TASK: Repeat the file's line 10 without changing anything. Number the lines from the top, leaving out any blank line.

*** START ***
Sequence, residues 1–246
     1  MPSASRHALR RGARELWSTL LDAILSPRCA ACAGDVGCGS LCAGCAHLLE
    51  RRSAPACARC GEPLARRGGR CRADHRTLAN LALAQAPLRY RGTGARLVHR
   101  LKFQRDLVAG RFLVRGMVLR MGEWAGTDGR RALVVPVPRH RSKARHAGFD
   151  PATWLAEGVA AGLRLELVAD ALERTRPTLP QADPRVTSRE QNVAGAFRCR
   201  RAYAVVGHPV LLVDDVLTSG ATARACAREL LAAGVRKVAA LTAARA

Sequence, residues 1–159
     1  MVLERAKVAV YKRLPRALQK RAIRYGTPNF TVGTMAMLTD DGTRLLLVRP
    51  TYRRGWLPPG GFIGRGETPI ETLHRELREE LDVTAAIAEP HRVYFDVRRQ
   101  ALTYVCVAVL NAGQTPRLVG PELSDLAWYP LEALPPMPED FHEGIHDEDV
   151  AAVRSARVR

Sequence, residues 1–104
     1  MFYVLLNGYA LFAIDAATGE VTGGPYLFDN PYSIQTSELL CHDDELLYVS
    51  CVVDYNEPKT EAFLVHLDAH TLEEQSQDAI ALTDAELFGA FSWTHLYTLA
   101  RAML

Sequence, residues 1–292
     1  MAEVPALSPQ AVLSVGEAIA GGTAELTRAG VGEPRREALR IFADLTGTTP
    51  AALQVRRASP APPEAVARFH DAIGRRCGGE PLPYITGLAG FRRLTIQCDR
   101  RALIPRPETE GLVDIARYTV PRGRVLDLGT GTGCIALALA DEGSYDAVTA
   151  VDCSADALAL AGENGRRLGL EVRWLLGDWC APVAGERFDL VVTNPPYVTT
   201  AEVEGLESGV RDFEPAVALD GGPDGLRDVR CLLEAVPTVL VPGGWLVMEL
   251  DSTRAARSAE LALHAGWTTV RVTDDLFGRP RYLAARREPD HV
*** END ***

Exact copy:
   101  ALTYVCVAVL NAGQTPRLVG PELSDLAWYP LEALPPMPED FHEGIHDEDV